Some pensioners will lose £70 a week, but Boris Johnson didn’t introduce the change

25 February 2020
What was claimed

Boris Johnson is taking £70 a week away from pensioners.

Our verdict

Some pensioners will lose £70 a week under reforms introduced in the 2007 Pensions Act. In May 2019 the number receiving this benefit was around 11,000.

A Facebook post that has been shared more than 1,000 times claims: “Boris Johnson is taking £70 per week away from pensioners. Meanwhile tax payers contribute £4m to subsidise food and drink in the houses of Parliament for MPs.”

Another, shared over 2,000 times, carries a picture of Boris Johnson and says “As a big thank you to the senior citizens who voted for me, I’m going to cut £70 per week from your state pension. The £70 per week allowance for adult dependents is being scrapped from April.”

It’s true that a benefit received by around 11,000 pensioners, which is worth up to £70 a week, is being abolished. But the law was passed under Labour over a decade ago. It’s accurate that the total cost of the indirect subsidy to both the House of Commons and Lords catering services is just under £4 million.

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What benefit is being abolished?

From 6 April 2020, adult dependency increase (ADI) payments, which some get as part of their pension, will end. In May 2019 this was paid to just under 11,000 pensioners with financially dependent partners and was worth up to £70 a week  .

Abolishing ADI was not introduced by Mr Johnson, but was part of reforms set out in the Pensions Act 2007, signed into law under Labour.

ADI payments are paid in addition to the state pension, to people with partners who are financially dependent on them, and who are often not yet of pension age.

The payments originated in the post-war period, when households with single breadwinners were more usual. The Pensions Act 2007 abolished these payments, and since 6 April 2010 no new claims have been accepted for the payment. Those already in receipt of the money were given another 10 years of the scheme, before it finishes on 6 April 2020.

The Department for Work and Pensions (DWP) confirmed to us that there were 10,817 people in receipt of ADI payments in May 2019 worth up to £70 a week.

Will those pensioners lose £70 a week?

A DWP spokesperson said that once ADI payments end, those already in receipt of means-tested benefits like Universal Credit or Pension Credit will receive an increase to off-set the loss, while those who do not receive benefits may become eligible to apply for them when they no longer receive ADI.

But there are reasons to believe that at least some pensioners who were in receipt of ADI payments may struggle to claim the money in other ways once the payments end.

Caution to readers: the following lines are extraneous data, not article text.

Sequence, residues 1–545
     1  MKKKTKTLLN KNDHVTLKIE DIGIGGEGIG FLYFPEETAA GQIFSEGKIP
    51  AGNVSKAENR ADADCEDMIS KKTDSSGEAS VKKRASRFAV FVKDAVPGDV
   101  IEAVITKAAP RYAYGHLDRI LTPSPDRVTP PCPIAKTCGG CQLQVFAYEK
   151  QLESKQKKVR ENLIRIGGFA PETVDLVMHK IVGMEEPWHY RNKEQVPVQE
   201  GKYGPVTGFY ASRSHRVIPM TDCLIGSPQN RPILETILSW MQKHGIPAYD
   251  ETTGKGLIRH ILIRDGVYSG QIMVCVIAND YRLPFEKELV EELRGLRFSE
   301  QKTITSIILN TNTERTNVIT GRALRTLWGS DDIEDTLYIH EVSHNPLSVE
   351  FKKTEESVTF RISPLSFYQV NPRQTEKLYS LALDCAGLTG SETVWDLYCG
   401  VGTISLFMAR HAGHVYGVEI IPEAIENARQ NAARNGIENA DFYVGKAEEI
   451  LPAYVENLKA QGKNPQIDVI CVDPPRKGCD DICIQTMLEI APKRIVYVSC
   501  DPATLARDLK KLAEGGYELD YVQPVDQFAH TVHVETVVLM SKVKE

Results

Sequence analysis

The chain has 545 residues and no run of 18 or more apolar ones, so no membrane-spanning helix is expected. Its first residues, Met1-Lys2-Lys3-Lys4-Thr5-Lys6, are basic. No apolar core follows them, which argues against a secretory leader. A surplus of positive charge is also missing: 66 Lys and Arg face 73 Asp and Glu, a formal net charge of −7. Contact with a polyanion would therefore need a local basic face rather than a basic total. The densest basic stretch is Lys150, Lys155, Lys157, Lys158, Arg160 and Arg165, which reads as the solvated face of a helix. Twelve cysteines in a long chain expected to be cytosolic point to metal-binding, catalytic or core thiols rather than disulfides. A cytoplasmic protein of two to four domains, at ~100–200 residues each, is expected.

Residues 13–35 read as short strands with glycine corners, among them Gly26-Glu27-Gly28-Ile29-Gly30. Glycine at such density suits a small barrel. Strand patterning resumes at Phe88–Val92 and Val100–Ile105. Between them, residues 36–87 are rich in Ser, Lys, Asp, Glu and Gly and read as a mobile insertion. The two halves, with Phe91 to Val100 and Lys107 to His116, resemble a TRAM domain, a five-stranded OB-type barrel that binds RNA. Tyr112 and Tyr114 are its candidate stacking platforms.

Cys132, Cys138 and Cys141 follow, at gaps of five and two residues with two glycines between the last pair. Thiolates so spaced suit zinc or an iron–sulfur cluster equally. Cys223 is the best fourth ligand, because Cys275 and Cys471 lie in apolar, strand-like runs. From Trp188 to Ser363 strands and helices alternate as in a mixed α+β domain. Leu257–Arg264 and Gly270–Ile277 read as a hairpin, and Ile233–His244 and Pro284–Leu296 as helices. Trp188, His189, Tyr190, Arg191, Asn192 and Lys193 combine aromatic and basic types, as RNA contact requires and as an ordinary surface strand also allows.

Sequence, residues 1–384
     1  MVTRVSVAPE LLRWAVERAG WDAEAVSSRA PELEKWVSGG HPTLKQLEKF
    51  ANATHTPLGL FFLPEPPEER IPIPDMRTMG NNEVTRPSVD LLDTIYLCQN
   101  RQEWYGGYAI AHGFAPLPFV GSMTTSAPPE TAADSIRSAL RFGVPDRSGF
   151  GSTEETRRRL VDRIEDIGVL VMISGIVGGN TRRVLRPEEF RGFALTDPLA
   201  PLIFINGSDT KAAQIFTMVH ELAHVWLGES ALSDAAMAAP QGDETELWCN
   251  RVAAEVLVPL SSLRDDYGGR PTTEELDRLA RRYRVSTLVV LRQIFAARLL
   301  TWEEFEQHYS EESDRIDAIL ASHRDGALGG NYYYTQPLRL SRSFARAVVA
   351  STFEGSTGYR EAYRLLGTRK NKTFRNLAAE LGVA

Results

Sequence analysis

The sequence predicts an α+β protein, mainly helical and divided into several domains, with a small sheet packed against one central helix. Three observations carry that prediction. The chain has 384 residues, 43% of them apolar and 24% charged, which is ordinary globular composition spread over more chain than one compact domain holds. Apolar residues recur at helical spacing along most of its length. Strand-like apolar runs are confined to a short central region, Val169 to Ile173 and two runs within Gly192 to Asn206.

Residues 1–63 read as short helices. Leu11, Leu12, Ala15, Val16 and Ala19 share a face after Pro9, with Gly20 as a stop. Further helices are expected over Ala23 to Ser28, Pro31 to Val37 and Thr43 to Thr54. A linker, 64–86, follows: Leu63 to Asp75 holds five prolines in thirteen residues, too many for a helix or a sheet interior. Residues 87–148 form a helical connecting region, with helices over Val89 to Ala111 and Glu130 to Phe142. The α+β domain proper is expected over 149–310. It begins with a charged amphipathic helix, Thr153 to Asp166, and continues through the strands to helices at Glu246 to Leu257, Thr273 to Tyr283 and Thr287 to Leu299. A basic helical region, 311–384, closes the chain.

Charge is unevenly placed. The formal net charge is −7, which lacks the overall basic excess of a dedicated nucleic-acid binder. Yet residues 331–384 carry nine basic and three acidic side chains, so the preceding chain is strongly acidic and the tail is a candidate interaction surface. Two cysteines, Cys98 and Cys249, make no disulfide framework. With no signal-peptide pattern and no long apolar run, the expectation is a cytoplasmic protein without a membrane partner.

From 15 May 2019, couples who aren’t both over the State Pension age cannot make a new claim for pension credit, unless one is receiving housing benefit for pensioners.

Changes to Universal Credit mean a couple where one person is below the State Pension age are considered working-age and will share a standard monthly allowance of £498.89. It can only be claimed if the younger partner is eligible.

Steve Webb, who was minister for pensions in the Coalition government from 2010 to 2015  and is a former Liberal Democrat MP, told Full Fact he was “deeply sceptical” that the loss of ADI payments would be offset with other benefits.

He said recent changes to pension credit mean any mixed-age couples who were not already receiving the payment “have little chance of claiming it when their income drops £70 a week”, while the Universal Credit rate is “so low” that that they may not “get much even if they qualified”.

However, it is not right to suggest all pensioners will be £70 per week worse off, given how few receive this benefit. 

How much is spent on catering in Parliament?

One of the Facebook posts also claims that “tax payers contribute £4 million to subside food and drink in the Houses of Parliament for MPs.” This is broadly accurate.

We have written before that Parliament’s catering services are not directly subsidised, but they do run at a loss and so public money is effectively spent to subsidise catering overall. (Although this catering is not exclusively for MPs: it is for all parliamentary staff, pass-holders and visitors. In addition to the 650 MPs, there are about 14,500 other pass-holders and an unknown number of visitors who can use the House of Commons catering facilities.)

In 2018/19, the House of Commons spent £2.6 million on catering and retail services, while the House of Lords spent £1.2 million, totalling £3.8 million.


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